The imagination is a creative fountain, a source of inspiration and ideas. Occasionally, it is overworked and it runs dry. Artists, writers, composers, architects, designers, professors and scientists experience the disconcerting, disturbing phenomenon called a “mental block.”
In literature and history, the heroes Othello and Antony were noble, brave, and ingenious. However, their virtues were the cause of envy among their colleagues. In modern times, the outstanding individuals who excel in the fields of science, art, business, law, academe, and public service trigger pinpricks or gnawing pangs of jealousy.
“Art is long but life is short. In the long history of art, from the time man painted on the caves up to the present, this is the first time that art was created by two men in the manner of the HOCUS paintings,” historian-curator Gemma Cruz Araneta remarked.
“Words are windows that open us to mystery. Visual art that accompanies those words deepens the colors we see and brings us even closer to the wonder of it all,” remarked Father Jose Ramon “Jett” Villarin, SJ, on his new book, Siya Nga! This is a Filipino expression of wonder, of openness to possibilities. It is an epiphany and eureka!
The beloved and much admired president Ramon Magsaysay was a man of greatness of spirit who exemplified the highest type of democratic leadership. He has been an inspiration, a source of strength that gave confidence to people who care about the well being of their fellow citizens.
One’s perspective and attitude determines the way things appear. A glass of water is either half-full or half-empty. The donut is a pastry with a hole. The pessimist looks at the hole instead of the whole sweet treat. On another level, a persistent problem could be a situation -- according to the optimist. It can be solved. It’s matter of perception.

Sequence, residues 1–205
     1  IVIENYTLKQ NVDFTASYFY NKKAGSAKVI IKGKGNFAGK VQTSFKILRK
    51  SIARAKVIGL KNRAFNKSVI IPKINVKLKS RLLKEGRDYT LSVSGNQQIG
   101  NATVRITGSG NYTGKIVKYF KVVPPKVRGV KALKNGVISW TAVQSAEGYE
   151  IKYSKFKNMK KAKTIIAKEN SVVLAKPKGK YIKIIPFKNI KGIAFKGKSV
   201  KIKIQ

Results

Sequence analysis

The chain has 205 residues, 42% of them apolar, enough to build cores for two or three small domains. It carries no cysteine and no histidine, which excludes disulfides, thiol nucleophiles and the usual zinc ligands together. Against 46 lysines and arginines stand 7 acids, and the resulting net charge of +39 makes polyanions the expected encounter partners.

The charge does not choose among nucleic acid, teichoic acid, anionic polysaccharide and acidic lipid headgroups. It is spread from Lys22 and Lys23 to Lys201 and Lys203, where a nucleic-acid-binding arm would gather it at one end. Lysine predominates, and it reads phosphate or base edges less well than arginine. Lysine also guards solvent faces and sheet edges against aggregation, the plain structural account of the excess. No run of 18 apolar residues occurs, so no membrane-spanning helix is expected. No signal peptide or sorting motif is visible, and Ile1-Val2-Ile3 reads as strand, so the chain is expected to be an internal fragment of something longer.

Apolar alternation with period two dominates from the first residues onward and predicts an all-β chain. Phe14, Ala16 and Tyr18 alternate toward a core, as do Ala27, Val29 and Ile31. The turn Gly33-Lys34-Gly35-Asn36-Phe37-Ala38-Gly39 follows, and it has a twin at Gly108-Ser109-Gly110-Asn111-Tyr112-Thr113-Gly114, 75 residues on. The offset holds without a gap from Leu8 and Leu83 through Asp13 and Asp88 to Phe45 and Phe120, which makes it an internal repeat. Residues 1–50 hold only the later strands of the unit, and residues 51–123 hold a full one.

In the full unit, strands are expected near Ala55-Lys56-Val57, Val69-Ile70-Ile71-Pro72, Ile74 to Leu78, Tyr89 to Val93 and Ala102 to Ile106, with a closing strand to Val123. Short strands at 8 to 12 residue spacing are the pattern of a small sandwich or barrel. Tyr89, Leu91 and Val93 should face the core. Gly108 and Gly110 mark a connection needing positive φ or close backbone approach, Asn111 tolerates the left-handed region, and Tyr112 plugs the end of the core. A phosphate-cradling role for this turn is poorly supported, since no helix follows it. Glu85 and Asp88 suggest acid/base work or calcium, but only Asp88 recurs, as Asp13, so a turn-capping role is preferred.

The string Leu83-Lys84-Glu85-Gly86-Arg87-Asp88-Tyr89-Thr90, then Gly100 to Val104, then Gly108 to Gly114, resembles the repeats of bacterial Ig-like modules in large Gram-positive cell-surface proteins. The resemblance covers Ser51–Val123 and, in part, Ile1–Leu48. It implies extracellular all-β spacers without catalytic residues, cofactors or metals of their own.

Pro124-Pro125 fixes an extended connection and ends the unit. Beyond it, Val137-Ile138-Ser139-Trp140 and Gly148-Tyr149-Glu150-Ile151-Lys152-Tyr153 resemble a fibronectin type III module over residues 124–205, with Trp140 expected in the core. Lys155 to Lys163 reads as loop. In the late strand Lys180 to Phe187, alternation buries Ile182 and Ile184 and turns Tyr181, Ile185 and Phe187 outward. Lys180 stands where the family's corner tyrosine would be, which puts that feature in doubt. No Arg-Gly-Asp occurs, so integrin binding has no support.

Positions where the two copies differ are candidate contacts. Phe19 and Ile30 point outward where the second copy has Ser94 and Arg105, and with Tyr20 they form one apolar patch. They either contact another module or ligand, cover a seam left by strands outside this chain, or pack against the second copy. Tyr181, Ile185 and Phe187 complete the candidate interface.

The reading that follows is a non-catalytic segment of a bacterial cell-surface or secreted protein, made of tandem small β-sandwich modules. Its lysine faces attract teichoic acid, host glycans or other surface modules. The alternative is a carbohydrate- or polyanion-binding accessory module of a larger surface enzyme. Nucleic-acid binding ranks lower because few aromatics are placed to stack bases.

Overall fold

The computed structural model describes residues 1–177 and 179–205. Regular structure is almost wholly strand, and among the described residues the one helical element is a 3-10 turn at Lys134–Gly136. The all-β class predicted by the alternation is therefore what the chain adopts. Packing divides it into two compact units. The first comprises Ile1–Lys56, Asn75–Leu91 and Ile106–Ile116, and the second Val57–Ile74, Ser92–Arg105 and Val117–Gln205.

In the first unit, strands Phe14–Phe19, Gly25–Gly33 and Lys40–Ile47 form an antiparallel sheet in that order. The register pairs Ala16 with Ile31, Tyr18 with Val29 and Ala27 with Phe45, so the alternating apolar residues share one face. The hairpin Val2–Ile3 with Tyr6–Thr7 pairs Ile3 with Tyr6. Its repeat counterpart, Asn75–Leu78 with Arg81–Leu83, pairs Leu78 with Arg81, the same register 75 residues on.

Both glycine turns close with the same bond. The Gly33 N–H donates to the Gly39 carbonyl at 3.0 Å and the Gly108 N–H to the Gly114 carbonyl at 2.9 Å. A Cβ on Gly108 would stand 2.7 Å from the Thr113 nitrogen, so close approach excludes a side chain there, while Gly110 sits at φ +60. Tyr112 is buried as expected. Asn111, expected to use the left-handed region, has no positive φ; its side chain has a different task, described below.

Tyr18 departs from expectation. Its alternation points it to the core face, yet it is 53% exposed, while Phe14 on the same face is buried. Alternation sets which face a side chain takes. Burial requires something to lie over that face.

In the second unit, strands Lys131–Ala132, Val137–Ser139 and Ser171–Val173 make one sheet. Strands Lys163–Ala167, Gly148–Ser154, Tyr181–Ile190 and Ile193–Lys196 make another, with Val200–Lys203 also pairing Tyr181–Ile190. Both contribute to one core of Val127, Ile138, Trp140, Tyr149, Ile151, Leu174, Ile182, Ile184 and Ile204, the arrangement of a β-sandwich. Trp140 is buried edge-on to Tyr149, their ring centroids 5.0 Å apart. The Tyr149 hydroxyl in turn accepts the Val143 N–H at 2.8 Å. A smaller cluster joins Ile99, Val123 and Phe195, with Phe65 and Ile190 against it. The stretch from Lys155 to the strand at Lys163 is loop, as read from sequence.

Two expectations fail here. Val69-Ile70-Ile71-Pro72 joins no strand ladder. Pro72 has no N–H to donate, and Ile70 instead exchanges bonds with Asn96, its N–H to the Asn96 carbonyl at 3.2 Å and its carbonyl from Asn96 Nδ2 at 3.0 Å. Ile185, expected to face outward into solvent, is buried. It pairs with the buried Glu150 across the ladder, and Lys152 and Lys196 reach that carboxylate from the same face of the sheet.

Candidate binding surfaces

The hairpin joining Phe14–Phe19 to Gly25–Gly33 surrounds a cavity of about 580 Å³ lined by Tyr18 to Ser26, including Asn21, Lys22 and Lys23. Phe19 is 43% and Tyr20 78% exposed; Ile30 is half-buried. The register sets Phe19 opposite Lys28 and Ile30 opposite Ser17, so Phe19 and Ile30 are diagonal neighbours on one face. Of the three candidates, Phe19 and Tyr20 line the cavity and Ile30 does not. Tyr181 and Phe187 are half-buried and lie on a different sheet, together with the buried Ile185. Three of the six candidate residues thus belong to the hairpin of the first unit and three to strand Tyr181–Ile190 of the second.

Traditional people think of time as a linear subject in a limited or given space. Using the chronological calendar, we aware of day one, day two, day three and so forth. We count the days, the hours and minutes. The clock follows a fixed pattern in minutes of 12 morning hours and 12 (afternoon and) night hours. Military time uses the 24-hour system. It is precise to the last second.
Man has been obsessed with the search for the mythical fountain of eternal youth. It exists only in the imagination. There are projected and contrived cravings for rejuvenation procedures, cosmetic surgery, oxygen baths, hormonal injections, experiments with gene therapy. Some procedures and medicines are FDA-approved and safe to use. Other elixirs and treatments are still waiting for approval. While there are many successful results of retouching, revitalizing enhancements, there have been some tragic results too. Thus, one occasionally reads about cosmetic disasters: failed and fatal experiments and deadly diet pills. There are botched jobs because of allergic reactions to anesthesia and other complications.
The habit of postponing a difficult task is one of exasperating traits of the mañana or tomorrow syndrome. It can stretch from the day after to the month or the year after. Somehow, it seems to be a maddening cultural glitch that some people probably picked up during the long colonial era.